Working in the Gig Economy? Protections May be Eliminated in TN

Thousands of Tennesseans are working in the so-called gig economy and legislation currently in the State Assembly would eliminate some worker protections for them. (Twenty20)

Tennessee lawmakers are currently considering legislation (HB 1978) that will impact the thousands of people who are members of the so-called gig economy in the Volunteer State.
The bill would classify them as marketplace contractors and remove protections provided by worker’s compensation law and the Tennessee Employment Security Law.
Unions and workers’ rights groups oppose the legislation. At the same time a new report from the
The Economic Policy Institute shows the impact of tech companies such as Uber is overrated.
Lawrence Mishel, a distinguished fellow with the institute, says widely publicized hourly earnings for Uber drivers frequently leave out expenses the independent contractors have to cover.
“And they have to pay extra taxes for Social Security and Medicare that regular workers don’t,” Mishel points out. “And it turns out they get paid around $9.21 an hour. And that’s in spite of the fact that half the Uber drivers actually have a college degree.”
Uber drivers generate nearly $25 an hour in passenger fares, but Mishel says the company takes more than $8 of that upfront in fees.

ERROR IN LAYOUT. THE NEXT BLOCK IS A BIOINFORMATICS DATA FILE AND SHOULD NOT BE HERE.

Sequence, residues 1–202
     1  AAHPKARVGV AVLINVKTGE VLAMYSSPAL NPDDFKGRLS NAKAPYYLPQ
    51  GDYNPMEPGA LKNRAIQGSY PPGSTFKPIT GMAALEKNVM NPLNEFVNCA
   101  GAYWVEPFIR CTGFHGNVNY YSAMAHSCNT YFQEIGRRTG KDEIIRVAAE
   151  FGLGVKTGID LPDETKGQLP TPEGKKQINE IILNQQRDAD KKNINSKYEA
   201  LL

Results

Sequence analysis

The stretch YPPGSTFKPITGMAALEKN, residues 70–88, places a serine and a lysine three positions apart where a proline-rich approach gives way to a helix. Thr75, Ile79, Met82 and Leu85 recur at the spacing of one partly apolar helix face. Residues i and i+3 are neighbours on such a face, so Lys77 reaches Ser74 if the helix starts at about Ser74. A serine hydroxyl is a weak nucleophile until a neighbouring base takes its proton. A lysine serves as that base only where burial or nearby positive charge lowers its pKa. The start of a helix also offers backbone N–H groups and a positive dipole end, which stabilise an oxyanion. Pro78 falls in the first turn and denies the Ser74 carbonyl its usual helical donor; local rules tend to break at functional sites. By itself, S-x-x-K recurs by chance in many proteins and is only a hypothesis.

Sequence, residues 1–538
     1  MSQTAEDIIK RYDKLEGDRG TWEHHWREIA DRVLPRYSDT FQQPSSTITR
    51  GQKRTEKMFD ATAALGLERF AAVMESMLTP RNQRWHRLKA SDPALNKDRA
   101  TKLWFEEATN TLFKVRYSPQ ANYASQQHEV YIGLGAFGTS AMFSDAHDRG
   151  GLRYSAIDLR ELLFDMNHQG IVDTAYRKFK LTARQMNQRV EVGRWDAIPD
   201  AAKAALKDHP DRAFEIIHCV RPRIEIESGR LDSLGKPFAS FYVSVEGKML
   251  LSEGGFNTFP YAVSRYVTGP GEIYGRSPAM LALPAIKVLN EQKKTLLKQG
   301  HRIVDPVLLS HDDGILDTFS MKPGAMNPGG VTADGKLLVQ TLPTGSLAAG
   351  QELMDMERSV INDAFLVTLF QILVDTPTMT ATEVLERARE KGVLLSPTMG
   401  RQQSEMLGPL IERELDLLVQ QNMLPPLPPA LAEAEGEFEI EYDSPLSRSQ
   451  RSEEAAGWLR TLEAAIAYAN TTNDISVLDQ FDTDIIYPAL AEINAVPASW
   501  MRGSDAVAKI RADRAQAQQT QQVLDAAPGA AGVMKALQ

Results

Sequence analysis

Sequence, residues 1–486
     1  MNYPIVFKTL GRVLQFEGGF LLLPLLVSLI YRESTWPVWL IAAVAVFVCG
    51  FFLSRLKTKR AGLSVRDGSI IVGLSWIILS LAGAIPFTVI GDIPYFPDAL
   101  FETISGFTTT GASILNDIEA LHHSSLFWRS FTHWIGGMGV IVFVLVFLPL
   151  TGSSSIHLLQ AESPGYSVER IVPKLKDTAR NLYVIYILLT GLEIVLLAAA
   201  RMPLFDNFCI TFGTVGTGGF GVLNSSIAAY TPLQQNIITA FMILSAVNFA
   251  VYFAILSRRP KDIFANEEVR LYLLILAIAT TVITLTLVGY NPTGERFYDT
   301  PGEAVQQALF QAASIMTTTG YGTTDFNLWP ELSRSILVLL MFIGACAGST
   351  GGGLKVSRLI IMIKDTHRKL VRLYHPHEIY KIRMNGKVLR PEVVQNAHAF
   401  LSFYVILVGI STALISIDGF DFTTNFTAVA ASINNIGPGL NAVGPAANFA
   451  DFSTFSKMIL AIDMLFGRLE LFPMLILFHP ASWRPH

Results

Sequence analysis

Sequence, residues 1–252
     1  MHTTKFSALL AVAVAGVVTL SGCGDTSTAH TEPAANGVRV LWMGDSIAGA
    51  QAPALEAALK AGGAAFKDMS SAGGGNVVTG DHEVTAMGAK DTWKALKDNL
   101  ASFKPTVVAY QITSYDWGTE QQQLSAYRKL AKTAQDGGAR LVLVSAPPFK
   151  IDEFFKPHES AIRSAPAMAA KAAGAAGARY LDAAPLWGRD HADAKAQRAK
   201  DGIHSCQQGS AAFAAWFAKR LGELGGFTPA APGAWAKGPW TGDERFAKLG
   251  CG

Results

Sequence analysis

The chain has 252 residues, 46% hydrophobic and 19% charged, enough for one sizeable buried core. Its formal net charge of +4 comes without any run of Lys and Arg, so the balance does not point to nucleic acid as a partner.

An Uber representative says the report ignores the flexibility drivers say they value and cannot find in traditional jobs.
The report also suggests that the gig economy may not be the future of employment, a boast Mishel says platform-based companies frequently make.
He says Uber, with more than 800,000 drivers in a given year, accounts for as much as two-thirds of the total gig economy.
Mishel says for most drivers, it’s about earning supplementary income.
“So you can’t have a future of work of things that supplement your main job,” he states. “The future of work has to be people having their main jobs.”
Georgia, Indiana, Utah, Kentucky, Florida, Iowa and Colorado are considering similar legislation to Tennessee’s when it comes to reclassifying contract employees of tech companies like Uber.
Earlier this spring, the National Domestic Workers Alliance visited Tennessee to caution lawmakers that the bill would permanently carve many workers out of rights to which they would be entitled as employees.